80 years after the Warsaw Ghetto Uprising, European memory politics is once again drawn up to the surface. These topical reads look into the populist treatment of WWII responsibility, and the consequences of a fragmented remembrance.
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During the Pesach of 1943 German troops entered the Warsaw ghetto gates to continue the extermination of the remaining 35,000-50,000 inhabitants. The resistance put up by the Jewish fighters has become a celebrated political milestone.
This week marks the 80th anniversary of the Warsaw Ghetto Uprising. Lidia Zessin-Jurek writes on the commemorations, which brought the Polish, Israeli and German heads of state together there for the first time. Although it may seem like a moment of unity at first glance, this event reflects a deliberate fragmentation of memory, and the searing conflict that threatens behind the scenes.
André Liebich writes on the Polish ‘Holocaust law’, the government’s attempt to erase the responsibility of Polish Christians in the Holocaust. This act of historic detachment is now a part of European political culture. In post-war Europe, it has been a widespread method to regain international trust and respect. But the Polish ‘Holocaust law’ proved to be too apparent to bypass attention of Israel and the US.
The attempt to politically wipe off the historical dirt does not only cause international conflict. The law seems to gradually alter individual perceptions as well, since it attempts to victimize Poland as a nation. It rhetorically equates Polish and Jewish victimhood and fuels the fragmentation of the Holocaust remembrance.
Distorting history to build a narrative of ‘restoring national glory’ is not a new invention. Still, the methods are gaining more steam. Viktor Orbán’s regime does a lot to deny Hungarian involvement or responsibility for WWII, let alone the Holocaust, projecting Hungary as a healer of imperial wounds. In Poland, the aim is to criminalize anything that says the opposite to Polish innocence.
Irena Maryniak writes on the culture wars of the past, and how eastern European populists abuse the historical sense of societies that’ve been torn up, and rebuilt through decades of war, oppression and trauma.
Memory politics in Poland and Hungary
Who’s trauma is worthy of remembrance? It took 71 years for a Europe to acknowledge the genocide of Roma in WWII – a reflection of the enduring political and social hostility against the Roma minority. This resentment has been politically upheld through six centuries of European history, and still echoes still within the walls of the European Parliament. Violence against Roma has remained a part of European normality even after the abolishment of Romani slavery in 1856.
The Romani of Europe have been left to their own means to heal the wounds of the Holocaust.
‘How can a relentlessly persecuted community heal without the clear condemnation of the violence they endure, while also being barred by political leaders?’ asks the writer Marko Pecak.
Roma Holocaust Memorial Day 2020
Ferenc Laczó’s Holocaust Memorial Lecture breaks down how the Europeanization of Holocaust history has a far way to go. In light of the Polish ‘Holocaust law’ Laczó’s thorough review of the difficulties in holding nations accountable, when the history of Jewish oppression is tightly intertwined with Europe as a whole.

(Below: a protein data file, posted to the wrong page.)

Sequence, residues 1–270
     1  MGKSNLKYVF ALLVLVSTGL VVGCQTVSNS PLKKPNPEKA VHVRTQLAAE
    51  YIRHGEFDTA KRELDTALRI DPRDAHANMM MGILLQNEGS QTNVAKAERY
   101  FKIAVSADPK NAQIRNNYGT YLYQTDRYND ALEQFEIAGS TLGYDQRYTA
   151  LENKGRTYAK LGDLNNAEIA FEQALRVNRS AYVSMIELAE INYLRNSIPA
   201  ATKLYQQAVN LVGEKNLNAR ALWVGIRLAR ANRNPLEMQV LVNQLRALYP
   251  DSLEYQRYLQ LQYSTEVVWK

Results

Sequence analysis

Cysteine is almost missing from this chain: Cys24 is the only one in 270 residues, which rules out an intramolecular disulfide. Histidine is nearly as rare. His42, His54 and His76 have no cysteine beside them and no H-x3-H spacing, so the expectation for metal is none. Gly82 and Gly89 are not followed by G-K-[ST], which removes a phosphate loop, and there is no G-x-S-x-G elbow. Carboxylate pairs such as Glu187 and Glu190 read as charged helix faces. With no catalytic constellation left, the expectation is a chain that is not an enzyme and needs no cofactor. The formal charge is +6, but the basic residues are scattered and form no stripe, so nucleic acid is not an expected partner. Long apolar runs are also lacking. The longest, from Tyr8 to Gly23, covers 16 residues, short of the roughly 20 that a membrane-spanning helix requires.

‘concurrent discourses on shared European responsibilities have not yet established themselves as mainstream, demonstrating the continuing limits to the Europeanization of Holocaust remembrance in our age.’ Laczó writes.
How far has it gone, and how far can it go?
Free access to history itself provides the democratic individual with a weapon against tyranny. Timothy Snyder writes on the power of history and the Russian organization Memorial, an NGO founded when Gorbachev decriminalized critical examination of Soviet history. Since the publishing of this article, in 2022, Memorial received the Nobel Peace Prize for their work. The organization has now been forced to close down in Russia, but the work has continued abroad. Without Memorial’s research, international accounts of the GULAG would have been impossible.
‘Democracy means that people rule, but to do so, they need tools to see through the lies told by the powerful. Reflection requires facts, and getting at them is harder than it seems.’ writes Snyder.
A personal story of art and memory: Zsuzsi Flohr writes about the mysterious story of her grandpa’s backpack that has led her down a path of discovering her family’s survival story: through labour camp, and beyond.
Flohr weaves together the fragments of her family’s postmemory, as a third-generation Hungarian holocaust survivor. Examining the nuances in the stories she’s been told and the contradicting narratives within her own family, creates a reflection on how memory is altered through generations.
‘My own imagined world is populated by ghosts of past stories, objects that have disappeared, photographs never seen, letters never read, abandoned spaces of intimacy or horror, homes without addresses, missing information, and the shadows of nameless people who were unable to say goodbye.’
Published 20 April 2023
Original in English
First published by Eurozine
German policy on colonial genocide: legal responsibility via a collective right of memory? Also: colonial currencies and relationships of debt, and the problem with the Federal Constitutional Court’s doctrine of neutrality.
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